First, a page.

Well, I am finished with my session condensing… I guess that is what I would call that. If I can’t write my own piece right now, I’d like to quote a section on death and life after death. I think it could spark some conversation. I have never, in my life, understood life, death, what happens after death, purgatory, prayer for the dead… so many things. It’s as if a little window has opened for me and I must seek out fuller understanding than I have now.
In the past, I’ve some to view “the other side” much as a child must view “the other side” during the process of it ‘s being born from the womb. I think that is the perfect analogy, comparing the two. I like that perspective. The babe is frightened of the unknown, not knowing what is in store for it. The new world is cold and harsh, from what it has known in the warm, nurturing mother’s womb. We take our place, awaiting the unknown of death. Why do we fear it? I am thinking it is because this is the only life we remember and we are afraid of the unknown that awaits us. Sadly, we do not remember any of our other lives, or existences outside of this one. I do not know what I believe right now, but the idea of purgatory appeals to me as if for the first time hearing of it; but in truth, I’ve known about it my whole life. Even though we would not be in heaven, there is still hope that we will one day get there… and what is pain, other than the separation we feel from God?
The bold sections below are taken from the Catholic Catechism and the bold references are of sections of the Catholic Catechism. Technically, I did “type” it out:
“We believe that we are united to Christ, will rise with Christ on the last day, and “will appear with him in glory in his heavenly kingdom” (Colossians 3:4) (1003). This perfect life with the Most Holy Trinity—this communion of life and love with the Trinity, with the Virgin Mary, the angels and all the blessed—is called “heaven”. Heaven is the ultimate end and fulfillment of the deepest human longings, the state of supreme, definitive happiness (1024). By his death and Resurrection, Jesus Christ has “opened” heaven to us. Heaven is the blessed community of all who are perfectly incorporated into Christ (1026).
“But to rise with Christ, we must die with Christ (1005). Why are we often afraid of our own death? Death is not easy, because in many ways it is unknown. We try to flee from it and go to any extent to prevent it from happening until it touches our lives through the death of a loved one or through an illness or accident. Jesus promises that those who enter into death with him will enter new life. Death is a natural process, and we are encouraged to prepare ourselves for the time of our own death (1014). How important it is for us to embrace death with faith and hope! St. John of the Cross said so knowingly: “At the evening of life, we shall be judged on our love” (1022). It is a marvelous reflection to think that at the time of our death we will be asked: “How well did you love?” Since God is love, heaven is living in that complete love. To be devoid of love is to be excluded from God. This state of definitive self-exclusion from communion with God and the blessed is called “hell” (1033).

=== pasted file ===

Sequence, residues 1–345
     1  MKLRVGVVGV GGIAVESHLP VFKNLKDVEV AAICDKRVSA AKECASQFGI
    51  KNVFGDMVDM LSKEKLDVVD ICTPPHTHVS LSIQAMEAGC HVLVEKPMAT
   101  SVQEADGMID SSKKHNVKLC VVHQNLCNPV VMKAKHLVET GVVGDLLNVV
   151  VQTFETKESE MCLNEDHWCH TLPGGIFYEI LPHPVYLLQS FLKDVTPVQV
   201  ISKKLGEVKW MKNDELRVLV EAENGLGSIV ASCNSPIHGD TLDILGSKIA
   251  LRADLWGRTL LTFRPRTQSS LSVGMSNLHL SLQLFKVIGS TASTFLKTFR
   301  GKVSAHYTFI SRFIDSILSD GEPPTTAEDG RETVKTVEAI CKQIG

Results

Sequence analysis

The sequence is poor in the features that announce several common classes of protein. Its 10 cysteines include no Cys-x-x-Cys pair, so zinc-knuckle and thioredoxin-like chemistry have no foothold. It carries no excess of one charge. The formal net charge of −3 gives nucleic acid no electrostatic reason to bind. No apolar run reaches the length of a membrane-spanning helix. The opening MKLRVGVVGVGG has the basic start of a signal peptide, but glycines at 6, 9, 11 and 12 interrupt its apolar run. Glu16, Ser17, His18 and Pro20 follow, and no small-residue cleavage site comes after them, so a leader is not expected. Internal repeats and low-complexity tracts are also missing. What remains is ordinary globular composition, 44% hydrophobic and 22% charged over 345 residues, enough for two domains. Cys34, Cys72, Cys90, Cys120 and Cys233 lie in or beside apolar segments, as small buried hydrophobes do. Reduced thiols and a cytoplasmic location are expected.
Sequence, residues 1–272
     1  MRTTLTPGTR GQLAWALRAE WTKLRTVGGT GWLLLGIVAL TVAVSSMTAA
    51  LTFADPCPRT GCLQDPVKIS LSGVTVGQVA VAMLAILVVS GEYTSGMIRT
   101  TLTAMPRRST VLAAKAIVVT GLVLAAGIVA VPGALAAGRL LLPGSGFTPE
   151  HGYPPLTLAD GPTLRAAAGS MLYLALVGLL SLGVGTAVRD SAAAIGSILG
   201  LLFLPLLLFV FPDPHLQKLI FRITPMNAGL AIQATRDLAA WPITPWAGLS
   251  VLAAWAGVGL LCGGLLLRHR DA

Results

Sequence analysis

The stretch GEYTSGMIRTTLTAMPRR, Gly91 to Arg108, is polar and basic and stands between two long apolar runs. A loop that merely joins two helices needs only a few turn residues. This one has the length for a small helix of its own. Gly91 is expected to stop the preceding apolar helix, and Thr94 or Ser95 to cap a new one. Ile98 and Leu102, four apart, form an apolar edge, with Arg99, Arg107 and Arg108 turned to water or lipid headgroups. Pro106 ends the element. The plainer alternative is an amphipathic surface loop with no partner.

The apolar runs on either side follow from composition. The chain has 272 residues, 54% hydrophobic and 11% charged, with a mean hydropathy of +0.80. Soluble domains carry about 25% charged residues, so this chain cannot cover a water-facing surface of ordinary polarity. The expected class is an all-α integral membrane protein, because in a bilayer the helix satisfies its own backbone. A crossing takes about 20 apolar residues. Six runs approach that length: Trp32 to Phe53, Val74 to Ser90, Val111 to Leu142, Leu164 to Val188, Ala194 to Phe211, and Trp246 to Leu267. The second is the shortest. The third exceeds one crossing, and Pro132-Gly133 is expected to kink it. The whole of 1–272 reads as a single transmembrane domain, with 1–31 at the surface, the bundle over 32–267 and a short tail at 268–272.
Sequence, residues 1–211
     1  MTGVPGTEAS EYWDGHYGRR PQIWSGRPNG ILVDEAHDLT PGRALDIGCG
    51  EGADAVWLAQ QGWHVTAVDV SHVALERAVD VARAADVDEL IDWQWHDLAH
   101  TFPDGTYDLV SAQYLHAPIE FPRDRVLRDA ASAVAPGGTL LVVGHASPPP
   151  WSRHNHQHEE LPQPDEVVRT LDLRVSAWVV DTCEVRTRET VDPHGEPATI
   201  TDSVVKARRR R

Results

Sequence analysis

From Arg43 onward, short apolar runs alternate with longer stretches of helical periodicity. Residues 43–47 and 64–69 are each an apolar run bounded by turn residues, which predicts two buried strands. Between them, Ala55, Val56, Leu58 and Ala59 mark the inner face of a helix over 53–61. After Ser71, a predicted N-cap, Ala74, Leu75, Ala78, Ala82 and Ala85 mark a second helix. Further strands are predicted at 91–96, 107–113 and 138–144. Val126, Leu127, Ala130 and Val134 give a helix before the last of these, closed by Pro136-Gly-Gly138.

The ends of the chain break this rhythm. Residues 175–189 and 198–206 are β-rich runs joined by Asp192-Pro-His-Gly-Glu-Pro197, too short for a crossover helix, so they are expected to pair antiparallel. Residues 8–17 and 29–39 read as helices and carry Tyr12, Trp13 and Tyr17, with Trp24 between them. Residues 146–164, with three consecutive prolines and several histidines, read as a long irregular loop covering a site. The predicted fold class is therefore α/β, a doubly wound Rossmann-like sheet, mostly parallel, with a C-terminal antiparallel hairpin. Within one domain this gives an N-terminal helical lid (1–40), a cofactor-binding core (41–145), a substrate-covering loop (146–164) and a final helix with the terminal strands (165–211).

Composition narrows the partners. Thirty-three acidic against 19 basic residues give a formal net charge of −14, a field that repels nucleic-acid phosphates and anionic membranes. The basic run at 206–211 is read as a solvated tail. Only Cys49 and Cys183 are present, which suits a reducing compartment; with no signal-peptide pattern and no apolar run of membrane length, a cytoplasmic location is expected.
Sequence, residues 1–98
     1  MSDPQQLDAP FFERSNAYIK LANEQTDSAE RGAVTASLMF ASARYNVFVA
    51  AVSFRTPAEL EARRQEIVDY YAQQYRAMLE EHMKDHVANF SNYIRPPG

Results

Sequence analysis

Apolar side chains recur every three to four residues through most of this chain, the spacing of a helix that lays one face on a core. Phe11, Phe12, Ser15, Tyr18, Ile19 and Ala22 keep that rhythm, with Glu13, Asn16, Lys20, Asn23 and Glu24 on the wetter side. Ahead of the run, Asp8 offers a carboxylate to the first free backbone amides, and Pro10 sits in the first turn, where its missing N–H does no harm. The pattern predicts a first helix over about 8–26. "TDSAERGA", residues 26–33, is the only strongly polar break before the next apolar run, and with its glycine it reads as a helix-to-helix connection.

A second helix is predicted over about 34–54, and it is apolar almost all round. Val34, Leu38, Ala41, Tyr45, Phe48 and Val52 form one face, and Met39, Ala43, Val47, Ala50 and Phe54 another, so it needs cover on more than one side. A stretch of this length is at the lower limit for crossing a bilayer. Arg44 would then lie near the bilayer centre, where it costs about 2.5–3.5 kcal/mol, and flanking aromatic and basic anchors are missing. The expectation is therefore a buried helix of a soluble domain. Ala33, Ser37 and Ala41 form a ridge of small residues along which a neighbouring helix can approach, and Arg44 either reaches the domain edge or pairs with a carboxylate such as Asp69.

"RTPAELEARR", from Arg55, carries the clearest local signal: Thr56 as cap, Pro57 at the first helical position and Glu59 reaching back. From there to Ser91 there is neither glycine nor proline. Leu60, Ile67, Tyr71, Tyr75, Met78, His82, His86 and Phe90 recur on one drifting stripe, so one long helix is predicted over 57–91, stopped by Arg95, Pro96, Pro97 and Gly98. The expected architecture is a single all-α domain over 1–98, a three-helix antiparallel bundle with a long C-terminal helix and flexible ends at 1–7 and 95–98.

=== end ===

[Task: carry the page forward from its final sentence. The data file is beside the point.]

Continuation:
“The teaching of the Church affirms the existence of hell and its eternity. Immediately after death the souls of those who die in a state of mortal sin descend into hell, where they suffer the punishments of hell, “eternal fire.” The chief punishment of hell is eternal separation from God, in whom alone man can possess the life and happiness for which he was created and for which he longs (1035).
“In the beautiful mystery of the communion of saints, those still being purified from their sins in purgatory are linked together in a bond of love with the faithful on earth and those who have already reached heaven. In this wonderful exchange, the holiness of one profits others…(1475). By God’s grace, our prayers and words of charity can still affect the souls of persons who have gone before us, just as the loving care of those in heaven continues to be a blessing to us who still struggle in this world.
“Each of us has within us an innate desire for God, a desire to go home. When a child is born into this world, the child experiences the vastness and “coldness” of a world so different from the mother’s womb. So, too, when it is our time to die and enter into a new world, we may experience a resistance to newness, yet there is the wonder of so much more than we could ask for or imagine. It may be only after we have entered into eternal life that we will fully realize that we were only pilgrims on this earth.
“While it may be difficult for us to even imagine, we are promised that at the end of time, God’s reign will come in its fullness (1042). In the Book of Revelation (chapter 21), we are promised that in this new universe, God will dwell fully among us. The direct experience of God will wipe away every tear from our eyes and death shall be no more (1044). For us as human beings there will be the final realization of the unity of the human race that the Lord created (1043). For our universe, there will be a full transformation and fulfillment. We will no longer see ourselves as separate, but at one with God’s universe. We will dwell in harmony in this new heaven and new earth in which righteousness dwells, in which our happiness will fill and surpass all the desire of peace arising out of our hearts (1048).“